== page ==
Microsoft and Yammer: A Closer look at the latest Acquisition in Collaboration Space
Looking at the recent acquisitions in the Social/Collaboration space, like Oracle acquiring Vitrue, Salesforce acquiring Buddy Media, the news of Microsoft acquiring Yammer has not come as a surprise for most of us. What has surprised me and many others is the price that Microsoft paid ($1.2 billion all cash) for a company which had 1 million paid subscribers!
For starters, Yammer is a private social platform for enterprises, essentially functioning as Facebook for an enterprise and workplace. Yammer provides private and secured environment to enterprises where the employees can discuss, collaborate, share files and exchange information in near real time.
My analysis on the acquisition:
Let us try to analyze what this deal means for Microsoft.
The Microsoft CRM Solution (Dynamics) has gradually moved from SMBs to large enterprises over a period of time. During this period it has also moved from a desktop software solution to a web based social networking solution. However it still wasn’t able to compete strongly with the Salesforce CRM. The fact that Salesforce has integrated Chatter with CRM has made it a really interesting proposition for customers. I believe the integration of Yammer will give the much needed boost to the Microsoft CRM, in turn giving the Salesforce Chatter CRM a run for its’ money.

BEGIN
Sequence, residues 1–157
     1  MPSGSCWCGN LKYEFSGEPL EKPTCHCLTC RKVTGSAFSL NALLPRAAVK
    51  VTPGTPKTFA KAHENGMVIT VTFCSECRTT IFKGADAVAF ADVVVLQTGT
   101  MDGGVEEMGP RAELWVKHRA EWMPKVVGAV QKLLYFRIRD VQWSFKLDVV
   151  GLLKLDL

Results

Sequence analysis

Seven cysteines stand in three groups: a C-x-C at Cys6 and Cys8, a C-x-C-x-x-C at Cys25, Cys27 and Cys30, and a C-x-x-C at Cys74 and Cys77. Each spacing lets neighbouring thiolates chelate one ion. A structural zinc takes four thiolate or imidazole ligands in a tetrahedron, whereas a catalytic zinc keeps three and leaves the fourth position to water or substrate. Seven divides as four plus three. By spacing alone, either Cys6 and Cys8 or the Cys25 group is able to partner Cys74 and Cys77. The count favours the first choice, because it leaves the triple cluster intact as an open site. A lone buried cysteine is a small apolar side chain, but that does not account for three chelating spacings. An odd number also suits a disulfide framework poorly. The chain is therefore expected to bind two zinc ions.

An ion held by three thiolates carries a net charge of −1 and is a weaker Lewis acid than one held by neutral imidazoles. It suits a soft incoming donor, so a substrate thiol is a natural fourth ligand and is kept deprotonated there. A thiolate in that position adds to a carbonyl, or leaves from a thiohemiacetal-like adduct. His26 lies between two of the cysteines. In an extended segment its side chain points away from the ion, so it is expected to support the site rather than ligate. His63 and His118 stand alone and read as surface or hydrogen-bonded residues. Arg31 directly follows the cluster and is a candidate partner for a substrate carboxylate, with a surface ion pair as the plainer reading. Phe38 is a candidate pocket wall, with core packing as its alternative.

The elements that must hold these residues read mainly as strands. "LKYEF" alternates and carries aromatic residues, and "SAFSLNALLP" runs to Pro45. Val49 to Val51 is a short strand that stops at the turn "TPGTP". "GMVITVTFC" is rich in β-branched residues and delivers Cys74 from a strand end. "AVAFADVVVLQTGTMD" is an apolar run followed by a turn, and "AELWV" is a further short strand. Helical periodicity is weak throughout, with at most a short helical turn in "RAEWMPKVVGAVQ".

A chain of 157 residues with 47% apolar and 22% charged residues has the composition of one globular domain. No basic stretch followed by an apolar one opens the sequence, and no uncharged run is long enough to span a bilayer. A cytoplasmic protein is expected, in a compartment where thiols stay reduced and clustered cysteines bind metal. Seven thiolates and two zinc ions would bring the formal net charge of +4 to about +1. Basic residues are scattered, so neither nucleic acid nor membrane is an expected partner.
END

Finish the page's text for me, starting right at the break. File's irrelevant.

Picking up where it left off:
The next growth opportunity where Microsoft is very bullish is Office 365 which is being projected as a real time online Collaboration platform. The integration of Yammer with Office 365 will help Microsoft plug-in the real time communication piece. The integration of Yammer will make Office 365 a real collaboration and social platform.
Microsoft SharePoint is one of the leading Enterprise class collaboration platforms, however it is more popular for its’ content management features and capabilities rather than being known as a truly social platform. This is where Yammer can help Microsoft bridge that gap when it comes to near real time conversations, profiles, feedback, etc. It will eventually mean that the end users will have just one platform for sharing and collaboration.
With this acquisition, there is the challenge of three overlapping platforms available with Microsoft: Lync, Skype, and now Yammer. All three platforms need to converge. Ideally, the best of all three would function smoothly on one platform, but for the time being, my thought would be to use Lync for sharing, Skype for voice and Yammer for communication.
All and all there are bunch of product lines in the Microsoft stack where Yammer could fit in and it will be interesting to see how innovative and bold Microsoft is throughout this integration process.
As far as Yammer goes, not only does this mean a lot of money but also a strong backing of giant such as Microsoft to scale. Yammer can use MS’s strong content management and search technology without needing to reinvent the wheel, which is where it was heading.
With regards to the user base (freemium ones), I do not see anything drastic happening in the near future, given the past experience of post Skype acquisition. Even though Microsoft is not known for freemium product lines, we are still able to continue using Skype free of cost across all the platforms. It wouldn’t be a surprise if eventually Microsoft may start selling its’ internal products via ads in the Yammer platform continuing to allow users to use the platform for free.
Personally, I think integrating Yammer into the CRM and Office 365 will be the ideal choice for Microsoft because when all said and done, customers love to do all the activities from one platform rather than toggling between applications to carry out their collaborative tasks.